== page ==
RNIB calls for improved ophthalmology services across Wales

RNIB Cymru has welcomed the publication today of the Health Inspectorate Wales (HIW) review of Ophthalmology Services in Wales.

Whilst highlighting some examples of good practice and progress to improve services, the review also evidences the need for continued work and development in several areas, in particular the need to ensure that capacity within the services is able to meet existing and growing demand.


RNIB Cymru is calling for consistency across Wales to ensure that patients are able to access the services they require at the right time and in the right place to avoid people losing their sight, or suffering unnecessary damage to their eyes.


The HIW review concentrated on Ophthalmology Services for ‘Wet’ Age-related Macular Degeneration (AMD). Wet macular degeneration, which usually occurs in people over the age of 50, is a chronic eye disease that causes blurred vision or a blind spot in your visual field. It is generally caused by abnormal blood vessels that leak fluid or blood into the macula, the part of the retina responsible for central vision.


‘Wet’ AMD is the leading cause of irreversible blindness in Wales. There is no cure and the aim of treatment is to preserve remaining vision, which makes early diagnosis, treatment and monitoring essential.


However, the HIW review points out: ‘The main issue for eye care services across Wales is insufficient capacity in secondary care to meet current demands. This issue is not restricted to macular degeneration services.’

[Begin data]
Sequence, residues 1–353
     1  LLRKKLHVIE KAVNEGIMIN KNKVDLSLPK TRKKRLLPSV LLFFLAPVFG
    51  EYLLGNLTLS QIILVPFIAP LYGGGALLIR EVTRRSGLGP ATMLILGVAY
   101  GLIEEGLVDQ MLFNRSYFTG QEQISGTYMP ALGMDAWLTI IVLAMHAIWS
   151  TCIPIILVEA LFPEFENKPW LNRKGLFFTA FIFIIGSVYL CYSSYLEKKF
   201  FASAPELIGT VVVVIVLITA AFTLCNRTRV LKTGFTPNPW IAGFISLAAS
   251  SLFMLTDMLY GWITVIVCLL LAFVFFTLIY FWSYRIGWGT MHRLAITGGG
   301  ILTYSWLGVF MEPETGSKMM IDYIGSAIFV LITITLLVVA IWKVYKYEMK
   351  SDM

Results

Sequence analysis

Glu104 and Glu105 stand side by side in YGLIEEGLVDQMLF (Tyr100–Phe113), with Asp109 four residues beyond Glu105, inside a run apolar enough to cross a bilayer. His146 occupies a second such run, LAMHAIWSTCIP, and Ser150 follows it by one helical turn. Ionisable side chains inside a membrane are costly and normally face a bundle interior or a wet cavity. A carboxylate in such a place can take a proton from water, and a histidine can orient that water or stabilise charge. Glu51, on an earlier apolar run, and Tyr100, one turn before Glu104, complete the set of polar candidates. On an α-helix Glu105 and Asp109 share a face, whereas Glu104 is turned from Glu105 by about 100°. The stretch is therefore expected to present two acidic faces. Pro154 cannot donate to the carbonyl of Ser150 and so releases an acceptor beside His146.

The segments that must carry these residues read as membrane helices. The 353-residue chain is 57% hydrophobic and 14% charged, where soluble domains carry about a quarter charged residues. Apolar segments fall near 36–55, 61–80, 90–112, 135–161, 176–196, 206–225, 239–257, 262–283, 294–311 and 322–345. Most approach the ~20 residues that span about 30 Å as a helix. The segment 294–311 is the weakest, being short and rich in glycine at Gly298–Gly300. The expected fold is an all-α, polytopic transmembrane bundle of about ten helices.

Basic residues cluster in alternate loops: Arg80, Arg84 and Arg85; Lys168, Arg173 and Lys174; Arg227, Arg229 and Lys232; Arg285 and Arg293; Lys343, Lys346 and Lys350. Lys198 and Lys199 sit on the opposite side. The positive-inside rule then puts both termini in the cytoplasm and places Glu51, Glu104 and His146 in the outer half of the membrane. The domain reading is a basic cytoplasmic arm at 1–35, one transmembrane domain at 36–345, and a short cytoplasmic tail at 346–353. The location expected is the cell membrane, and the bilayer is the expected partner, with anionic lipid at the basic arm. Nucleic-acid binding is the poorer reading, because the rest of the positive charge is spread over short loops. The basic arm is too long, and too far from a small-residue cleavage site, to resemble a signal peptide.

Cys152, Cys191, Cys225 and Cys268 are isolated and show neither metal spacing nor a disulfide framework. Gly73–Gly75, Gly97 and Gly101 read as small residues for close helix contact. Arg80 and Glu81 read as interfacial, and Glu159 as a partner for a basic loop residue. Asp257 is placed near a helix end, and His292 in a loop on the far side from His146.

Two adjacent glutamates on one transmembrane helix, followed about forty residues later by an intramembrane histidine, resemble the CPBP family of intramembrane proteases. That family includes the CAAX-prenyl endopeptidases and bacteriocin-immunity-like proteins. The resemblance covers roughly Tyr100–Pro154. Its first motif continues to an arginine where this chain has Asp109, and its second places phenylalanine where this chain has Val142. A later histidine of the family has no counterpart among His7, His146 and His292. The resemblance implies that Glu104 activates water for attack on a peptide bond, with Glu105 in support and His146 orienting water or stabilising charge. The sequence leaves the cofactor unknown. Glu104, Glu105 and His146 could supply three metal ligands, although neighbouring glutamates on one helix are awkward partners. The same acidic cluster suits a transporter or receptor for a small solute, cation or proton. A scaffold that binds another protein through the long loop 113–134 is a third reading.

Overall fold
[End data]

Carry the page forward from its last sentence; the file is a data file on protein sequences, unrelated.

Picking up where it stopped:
Though HIW ‘saw some excellent examples of co-operation between primary and secondary care’, it also ‘heard that poor working relationships between primary and secondary care in some health board areas have hindered efforts to improve joint working.’


Ceri Jackson, Director of RNIB Cymru said:

“As the review says, despite the challenges facing services, many patients do continue to benefit from treatment, and along with HIW we would also like to acknowledge and praise the commitment and hard work of multidisciplinary teams across Wales who at times are working in difficult conditions.


“But it is disappointing to see that issues on which RNIB Cymru has called for action many times in recent years have yet to be addressed.


“Referral to treatment targets; the expansion of the use of optometrists; and, the consistency of services across Wales have been matters of concern which RNIB Cymru has raised over several years, and whilst these issues remain many patients are losing their sight.


“HIW’s review highlighted such matters as a lack of investment resulting in a ‘significant deficit in the capacity to deliver safe and timely care’; the need for ‘more attention to workforce planning’ in order to address the issue of the ‘recruitment and retention of medical and non-medical staff’; and ‘health boards demonstrating little understanding of capacity and demand’, matters which were to be addressed with the implementation of The National Ophthalmic Implementation Plan launched by the Welsh Government in January 2015, the purpose of which was ‘to improve patient experience and deliver sustainable services’, and a requirement that health boards understood and measured demand and capacity.


“It is the resolving of such issues, and others which the HIW review has highlighted, which will indeed provide a better experience for patients, and ensure services are sustainable. But most importantly, it would provide patients with the early diagnosis and treatment which is essential for reducing the risk of severe vision loss, and may well prevent them from losing their sight.”

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